I have had some requests for some tutorials. I thought I would start with a basic nude eye. Most will say, “I know how to do a nude eye, it’s simple.” There are a few ways to do a nude eye: the day look and the night look. I am doing a nude eye for someone who has hooded eyes, which most women do have. The opposite end is the deep set eye, which has a whole other set of rules associated with eye shadow placement. If I get someone with deep set eyes then I will do a tutorial for those set of eyes.
A nude eye for day requires pretty much the same steps you would use for night, you just use different colors and less products. You will need at least three eyeshadow colors: one for the crease, lid, under the eye and under the brow. One other thing, I use a fourth shade of shadow to deepen my crease because my eyelid is so heavy. I would think that most would feel the need to skip that step. Some people are partial to using eyeliner but I find that eyeshadow, if used with the right brush, works quite well as an eyeliner. If you want an eyeliner on top of the eye, then go for it. On some eye shapes it is needed to help bring out the shape of the eye. You will also need mascara and possibly and eyelash curler. The type of the mascara depends on the type of lashes you have. Long thin lashes will need a volumizing mascara. Thick lashes will need a lengthening mascara. Some women like to curl their lashes. I have never enjoyed it, so I skip that step. Oh! I failed to mention the one most important step. Eyeshadow primer. This is so important because the eyeshadow will crease if you don’t use it. I am quite partial to Urban Decay’s Primer Potion. It is expensive ($20.00) but a little goes a long way and it works like magic. Another good one is Too Faced’s Shadow Insurance. It is about the same price as Urban Decay’s. These are available at Sephora and Ulta and their websites.
At night you will find that if you have used eyeshadow primer, your eyeshadow will still be intact. If so, then all you need to do is freshen up your shadow with another one that is a little bit darker in the crease to add some drama. And finally you could add some liquid liner for real drama.
You will have noticed I haven’t mentioned any colors yet. There are so many palettes out that mention “nude” and “naked” as their primary focus for eyeshadow. I am going to say that you pick a matte medium brown shade in the crease. For the outer edge of the lid and underneath the eye, use the same tone. It needs to be darker than the crease, but should be something that will make your eyes pop. Then a nice shimmery tone on the lid (also something that will help make the eyes pop). And finally for under the brow, also a light shimmer tone, not too shimmery, but a light tone in general. The key for the lid is to make the eyes appear larger. Then if you like, a liner, used very close to the lid line. Finally, mascara on the upper lashes at least. If the eyes are not very large keep it to the upper lashes alone. If the eyes are larger then upper and lower lashes are okay. Curling the lashes is good if you like that. For colors the best thing is to use something that is opposite the color wheel from your eye color. For example, I have a lot of green in my eyes so I use red tones.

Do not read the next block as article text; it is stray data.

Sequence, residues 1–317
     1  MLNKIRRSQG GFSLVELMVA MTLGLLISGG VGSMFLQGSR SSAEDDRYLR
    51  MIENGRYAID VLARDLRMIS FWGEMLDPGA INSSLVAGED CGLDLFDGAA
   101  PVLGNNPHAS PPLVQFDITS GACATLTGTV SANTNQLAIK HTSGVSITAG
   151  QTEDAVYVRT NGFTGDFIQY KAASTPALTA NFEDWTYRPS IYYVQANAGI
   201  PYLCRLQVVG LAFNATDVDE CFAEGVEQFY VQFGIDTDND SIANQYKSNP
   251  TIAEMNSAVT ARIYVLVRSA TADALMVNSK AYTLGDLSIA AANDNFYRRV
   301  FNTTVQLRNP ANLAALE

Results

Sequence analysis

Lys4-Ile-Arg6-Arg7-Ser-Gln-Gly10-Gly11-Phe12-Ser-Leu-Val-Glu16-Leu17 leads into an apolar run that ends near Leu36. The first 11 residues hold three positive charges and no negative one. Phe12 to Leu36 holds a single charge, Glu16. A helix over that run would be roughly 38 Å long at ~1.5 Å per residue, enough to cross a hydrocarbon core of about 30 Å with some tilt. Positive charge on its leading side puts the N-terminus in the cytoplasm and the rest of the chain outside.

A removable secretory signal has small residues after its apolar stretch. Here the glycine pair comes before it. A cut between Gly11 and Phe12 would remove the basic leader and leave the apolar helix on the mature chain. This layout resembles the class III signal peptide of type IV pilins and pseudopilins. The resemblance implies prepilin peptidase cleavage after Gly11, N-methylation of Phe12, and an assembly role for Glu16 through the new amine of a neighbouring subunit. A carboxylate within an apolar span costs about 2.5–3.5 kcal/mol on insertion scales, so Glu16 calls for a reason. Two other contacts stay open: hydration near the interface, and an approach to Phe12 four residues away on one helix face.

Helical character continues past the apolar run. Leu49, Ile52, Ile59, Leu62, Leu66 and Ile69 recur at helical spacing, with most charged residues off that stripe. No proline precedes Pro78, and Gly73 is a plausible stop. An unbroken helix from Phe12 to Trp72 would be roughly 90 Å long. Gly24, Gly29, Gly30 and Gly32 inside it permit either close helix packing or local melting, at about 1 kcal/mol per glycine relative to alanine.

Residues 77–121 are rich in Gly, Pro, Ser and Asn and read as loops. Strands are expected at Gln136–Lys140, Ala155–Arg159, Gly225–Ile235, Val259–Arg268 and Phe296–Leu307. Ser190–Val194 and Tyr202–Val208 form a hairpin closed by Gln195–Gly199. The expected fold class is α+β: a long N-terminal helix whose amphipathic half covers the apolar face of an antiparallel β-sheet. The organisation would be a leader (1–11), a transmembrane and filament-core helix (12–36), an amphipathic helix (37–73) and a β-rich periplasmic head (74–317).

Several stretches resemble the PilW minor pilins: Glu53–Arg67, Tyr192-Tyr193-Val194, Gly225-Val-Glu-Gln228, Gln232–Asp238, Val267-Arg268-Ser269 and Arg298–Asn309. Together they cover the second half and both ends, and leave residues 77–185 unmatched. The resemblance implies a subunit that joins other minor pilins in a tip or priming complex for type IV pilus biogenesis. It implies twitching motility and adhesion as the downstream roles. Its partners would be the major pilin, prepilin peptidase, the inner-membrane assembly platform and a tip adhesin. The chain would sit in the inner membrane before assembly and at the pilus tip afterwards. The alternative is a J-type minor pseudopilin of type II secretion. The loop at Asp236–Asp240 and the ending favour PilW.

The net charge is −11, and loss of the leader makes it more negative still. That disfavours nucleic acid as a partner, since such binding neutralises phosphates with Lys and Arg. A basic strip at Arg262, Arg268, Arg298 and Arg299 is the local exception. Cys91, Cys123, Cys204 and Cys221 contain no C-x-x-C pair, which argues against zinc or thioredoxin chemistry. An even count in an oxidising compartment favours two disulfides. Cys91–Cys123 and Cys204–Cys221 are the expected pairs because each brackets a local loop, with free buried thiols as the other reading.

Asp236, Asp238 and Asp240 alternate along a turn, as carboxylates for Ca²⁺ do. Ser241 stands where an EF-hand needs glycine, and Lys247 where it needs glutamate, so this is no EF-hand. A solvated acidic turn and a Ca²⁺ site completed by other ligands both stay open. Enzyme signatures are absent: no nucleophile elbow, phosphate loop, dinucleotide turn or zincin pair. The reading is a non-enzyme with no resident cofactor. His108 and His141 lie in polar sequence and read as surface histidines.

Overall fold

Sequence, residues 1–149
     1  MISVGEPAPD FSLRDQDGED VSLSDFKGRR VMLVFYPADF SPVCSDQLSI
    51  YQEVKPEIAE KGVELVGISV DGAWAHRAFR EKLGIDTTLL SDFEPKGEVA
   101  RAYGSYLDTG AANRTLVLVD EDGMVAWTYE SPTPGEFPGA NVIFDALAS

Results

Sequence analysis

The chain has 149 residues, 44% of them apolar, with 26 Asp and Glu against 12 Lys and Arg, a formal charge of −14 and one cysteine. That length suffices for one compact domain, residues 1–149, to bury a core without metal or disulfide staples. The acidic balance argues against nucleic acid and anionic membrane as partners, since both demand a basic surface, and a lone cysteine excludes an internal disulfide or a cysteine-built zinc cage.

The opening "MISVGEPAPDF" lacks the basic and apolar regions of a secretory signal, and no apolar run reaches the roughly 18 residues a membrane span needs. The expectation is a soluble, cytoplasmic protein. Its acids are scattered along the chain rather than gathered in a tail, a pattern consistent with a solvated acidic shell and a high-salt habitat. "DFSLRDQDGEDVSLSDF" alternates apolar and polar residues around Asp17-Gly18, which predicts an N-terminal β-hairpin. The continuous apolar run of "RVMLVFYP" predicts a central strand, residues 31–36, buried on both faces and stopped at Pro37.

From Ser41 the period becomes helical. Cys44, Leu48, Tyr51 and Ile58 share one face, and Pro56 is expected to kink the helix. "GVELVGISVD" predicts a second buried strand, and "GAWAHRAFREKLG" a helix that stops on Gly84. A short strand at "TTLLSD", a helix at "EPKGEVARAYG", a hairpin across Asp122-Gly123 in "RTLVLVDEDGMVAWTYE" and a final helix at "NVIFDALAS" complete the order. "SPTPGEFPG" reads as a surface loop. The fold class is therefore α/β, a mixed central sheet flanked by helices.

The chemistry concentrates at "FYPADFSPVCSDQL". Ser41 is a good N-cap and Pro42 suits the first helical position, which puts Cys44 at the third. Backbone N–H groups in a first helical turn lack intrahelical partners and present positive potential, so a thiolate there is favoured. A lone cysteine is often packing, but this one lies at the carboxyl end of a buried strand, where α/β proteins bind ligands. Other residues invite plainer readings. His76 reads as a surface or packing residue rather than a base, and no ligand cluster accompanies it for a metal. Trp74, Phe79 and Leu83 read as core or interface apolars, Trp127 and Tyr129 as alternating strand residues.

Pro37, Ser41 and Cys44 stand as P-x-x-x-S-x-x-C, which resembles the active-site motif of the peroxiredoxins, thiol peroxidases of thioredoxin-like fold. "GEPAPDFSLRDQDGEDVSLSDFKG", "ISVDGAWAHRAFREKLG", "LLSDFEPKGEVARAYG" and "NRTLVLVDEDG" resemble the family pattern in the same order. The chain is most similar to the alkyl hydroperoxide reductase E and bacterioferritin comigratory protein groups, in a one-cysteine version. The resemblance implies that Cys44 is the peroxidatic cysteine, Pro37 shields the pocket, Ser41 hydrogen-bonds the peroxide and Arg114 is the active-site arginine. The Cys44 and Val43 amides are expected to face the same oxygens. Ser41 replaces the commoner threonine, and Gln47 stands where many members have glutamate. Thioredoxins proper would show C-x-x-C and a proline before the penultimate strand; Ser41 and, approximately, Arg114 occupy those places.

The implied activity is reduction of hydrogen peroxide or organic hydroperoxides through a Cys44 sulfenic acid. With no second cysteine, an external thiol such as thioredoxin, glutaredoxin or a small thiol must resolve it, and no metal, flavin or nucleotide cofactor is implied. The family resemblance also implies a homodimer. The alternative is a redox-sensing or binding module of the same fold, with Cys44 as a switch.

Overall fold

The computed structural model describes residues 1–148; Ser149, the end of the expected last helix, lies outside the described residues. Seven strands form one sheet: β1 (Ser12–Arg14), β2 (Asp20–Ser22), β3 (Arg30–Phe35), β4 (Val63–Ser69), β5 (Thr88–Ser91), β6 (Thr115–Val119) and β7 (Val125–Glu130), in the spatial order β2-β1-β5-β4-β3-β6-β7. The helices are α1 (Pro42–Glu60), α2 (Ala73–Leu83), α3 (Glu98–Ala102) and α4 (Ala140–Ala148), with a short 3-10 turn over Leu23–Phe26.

For this look I used the following colors: all MAC shadows (Chamomile, Tissueweight, Mulled Cider and Beautyburst), Urban Decay Bourbon 24/7 Glide On Eye Pencil and Stila Sparkle Waterproof Liquid Eye Liner. In the crease I used Mulled Cider (a medium to dark reddish brown), I used this to bring out the green in my eyes. Then on the outer edge of my lid I and under my eye I used Beauty Burst (my all time favorite MAC color, the perfect reddish brown; also used to bring out the green in my eyes). On my lid I used Tissueweight (a light peachy cream shimmer) and under the brow I used Chamomile (a yellow satin cream). For the day look I used the Urban Decay liner and then to add drama for night I used the Stila liquid liner. I used MAC's False Lashes mascara in black, I find it really gives lashes definition. A crease brush is used to put shadow in the crease, it has a slanted shape. You can also use it for the outer edge of the lid. Under the eye you will need a very thin slanted eye liner brush. A thick shadow brush can be used on the lid and under the brow. The shadows don't look nice until they have been blended together at the end.
The photographs are progressions: crease, outer edge to lid to under the brow, etc. I used heavier colors because I am more comfortable with those. For some of you, lighter colors may be a wiser choice. The mains thing to consider are hair color and eye color. I have red hair and medium blue green eyes so I can wear these tones. A blonde with light blue eyes would not be able to wear them. I would love to hear some comments on this blog entry.